The shot is not of the glass variety, but of the syringe type. And it takes only one gene therapy injection of a type of virus known as adenoviruses to help an alcoholic give up the habit of drinking, a study from the University of Chile in Santiago reports.
Chilean researchers, led by Amalia Sapag, discovered that rats treated with gene therapy via an injection were less likely to crave alcohol than those without. The rats were bred to want alcohol and were then injected with viruses engineered to disrupt the gene for an enzyme involved in alcohol metabolism. The rats injected with the engineered adenoviruses drank 50 percent less for more than a month.
Aldehyde dehydrogenase is blocked by the drug disulfiram, also known as Antabuse, which is sometimes used to help alcoholics quit drinking. “But you have to take it [disulfiram] every day, so there is a big problem with compliance,” says Sapag.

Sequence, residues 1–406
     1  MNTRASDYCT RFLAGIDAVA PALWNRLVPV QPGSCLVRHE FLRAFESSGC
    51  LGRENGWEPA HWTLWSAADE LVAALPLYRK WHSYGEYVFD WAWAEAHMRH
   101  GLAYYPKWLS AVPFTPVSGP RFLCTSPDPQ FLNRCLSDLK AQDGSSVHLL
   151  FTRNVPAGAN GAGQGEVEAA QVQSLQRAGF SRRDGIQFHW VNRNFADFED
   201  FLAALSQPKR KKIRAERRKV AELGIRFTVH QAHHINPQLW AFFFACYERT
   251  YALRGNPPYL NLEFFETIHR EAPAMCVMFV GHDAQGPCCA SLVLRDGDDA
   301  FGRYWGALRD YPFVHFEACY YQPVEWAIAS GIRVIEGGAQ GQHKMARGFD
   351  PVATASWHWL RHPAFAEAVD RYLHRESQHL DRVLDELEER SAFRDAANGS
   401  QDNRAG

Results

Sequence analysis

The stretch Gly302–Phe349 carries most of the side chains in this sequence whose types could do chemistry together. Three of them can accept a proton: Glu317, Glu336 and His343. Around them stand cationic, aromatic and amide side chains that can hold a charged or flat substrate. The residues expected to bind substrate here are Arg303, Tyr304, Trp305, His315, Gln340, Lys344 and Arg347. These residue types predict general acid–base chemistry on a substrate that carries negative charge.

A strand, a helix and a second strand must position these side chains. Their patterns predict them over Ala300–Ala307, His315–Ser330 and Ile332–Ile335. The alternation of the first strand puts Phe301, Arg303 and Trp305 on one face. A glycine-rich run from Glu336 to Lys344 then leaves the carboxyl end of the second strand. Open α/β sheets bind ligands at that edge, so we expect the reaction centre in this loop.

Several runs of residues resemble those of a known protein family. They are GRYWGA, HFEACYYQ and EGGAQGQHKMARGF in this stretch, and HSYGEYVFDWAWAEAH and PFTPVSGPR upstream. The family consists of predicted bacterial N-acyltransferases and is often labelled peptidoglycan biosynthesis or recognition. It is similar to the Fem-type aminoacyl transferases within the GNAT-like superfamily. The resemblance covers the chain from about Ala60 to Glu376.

To provide a longer-lasting effect, Sapag and his team engineered adenoviruses to carry an “antisense” version of the aldehyde dehydrogenase gene that blocks the production of the enzyme involved in alcohol metabolism. A single injection reduced the enzyme’s activity in the rats’ livers by 80 percent.
Illustration: MicroSoft clipart.
In the News (06/20/07)
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